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3 Lessons We've Learned From Publix for a Successful ESOP

June 19, 2017
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If advertising can be believed, Publix is where shopping is a pleasure. This chain of grocery stores, found predominantly across the Southeast U.S., operates on principles devoted to southern hospitality, providing unparalleled customer service with a smile. At Publix, it’s not uncommon to see a bag boy escort shoppers to their cars or to receive above-and-beyond service from staff members.

This dedication to customer satisfaction makes Publix a household name in Florida, Georgia, Alabama, South Carolina, Tennessee, and North Carolina, and has kept Publix growing since its inception in 1930. To date, the chain boasts 1,144 stores with numerous new locations opening later in the year. This expansion hasn’t slowed employee satisfaction, either; Forbes rated Publix a top 100 employer to work for in 2016.

But what makes Publix such a great place to work? The answer may lie in the company’s use of an employee stock ownership plan. Advertised as an employee benefit for team members at all levels, Publix’s innovative use of an ESOP prioritizes employee satisfaction while maintaining and perpetuating company objectives.

 

The Publix ESOP

Publix began to offer stock to employees in 1959, 29 years after the founding of the company. Today, stock is available through three different plans: the Publix People Reaching Our Future Investing Together (PROFIT) ESOP plan, the 401(k) Saving Makes A Richer Tomorrow (SMART) plan and an employee stock purchase plan.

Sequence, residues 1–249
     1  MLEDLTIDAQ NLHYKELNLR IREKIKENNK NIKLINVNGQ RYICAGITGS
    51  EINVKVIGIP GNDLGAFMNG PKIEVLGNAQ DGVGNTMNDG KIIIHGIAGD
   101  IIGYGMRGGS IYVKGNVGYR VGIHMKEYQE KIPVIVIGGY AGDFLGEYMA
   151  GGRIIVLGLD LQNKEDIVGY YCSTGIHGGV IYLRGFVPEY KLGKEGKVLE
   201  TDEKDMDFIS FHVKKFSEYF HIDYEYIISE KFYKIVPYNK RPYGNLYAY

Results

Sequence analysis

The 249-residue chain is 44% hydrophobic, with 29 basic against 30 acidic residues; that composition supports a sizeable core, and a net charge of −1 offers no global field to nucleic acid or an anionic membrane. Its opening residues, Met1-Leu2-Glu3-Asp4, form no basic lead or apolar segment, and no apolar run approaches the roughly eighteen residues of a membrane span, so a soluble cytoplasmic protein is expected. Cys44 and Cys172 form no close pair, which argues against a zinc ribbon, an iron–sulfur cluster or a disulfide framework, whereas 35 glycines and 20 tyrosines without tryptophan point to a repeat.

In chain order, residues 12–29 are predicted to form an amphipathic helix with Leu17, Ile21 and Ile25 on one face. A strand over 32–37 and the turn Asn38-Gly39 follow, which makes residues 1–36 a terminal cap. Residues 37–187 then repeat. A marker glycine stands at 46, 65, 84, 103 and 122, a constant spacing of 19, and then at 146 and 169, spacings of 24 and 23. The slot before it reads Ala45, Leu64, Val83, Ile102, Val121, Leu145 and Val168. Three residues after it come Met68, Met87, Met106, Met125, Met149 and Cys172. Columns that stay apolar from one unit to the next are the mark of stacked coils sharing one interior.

The PROFIT plan provides employees who work over 1,000 hours a year with stock compensation of 7% to 10% of pay on March 1st of the following year. Vesting is on a three-year schedule.

 

Lessons Learned from Publix

As one of the largest U.S. companies to operate an all-inclusive ESOP, Publix has broken through many of the barriers in how ESOPs are perceived. Here’s what Publix has taught us about successful use of an ESOP plan.

 

1. ESOPs Are Effective in Large Companies

Traditionally, ESOPs are thought to function best in small companies with 25 to 100 employees, and in industries that see low turnover. Publix is not this at all; with nearly 193,000 employees, many of whom work in low-level jobs, the company is very large and turnover is relative to this.

However, in spite of two major qualities believed to work against ESOPs, Publix has made their plan work for decades, providing employees with benefits that don’t affect growing concern in the slightest.

 

2. ESOPs Improve Employee Morale

Publix is consistently rated as a great place to work, and employees tend to agree. Most associates stay with Publix far longer than industry averages, implying high levels of employee satisfaction. One key reason? The PROFIT plan.

Low-level employees are frequently treated as easily replaceable, but Publix takes a different stance. PROFIT effectively rewards employees who work at all levels of the company, including part-time associates. This perceived value boosts employee morale, helping team members to prioritize the success of Publix from the ground up.

 

3. ESOPs Don’t Negatively Affect Business Operations

Many business owners considering ESOPs are afraid of the power partial ownership gives employees. However, Publix demonstrates that this is not a worthwhile fear.

With over 190,000 plan participants, Publix has been able to stay the course, opening new stores every year with planned expansion into new states on the horizon. The company has grown steadily since its inception, indicating strongly that use of an ESOP doesn’t hurt business operations at all when used properly.

Publix is one of the most popular brands in the Southeast and is beloved by shoppers and workers alike. As a strong example of the benefits ESOPs have to offer, curious business owners can learn a lot from the PROFIT plan model and its demonstration of the effectiveness of ESOPs in the modern business landscape.

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Gary Canon

Written by Gary Canon


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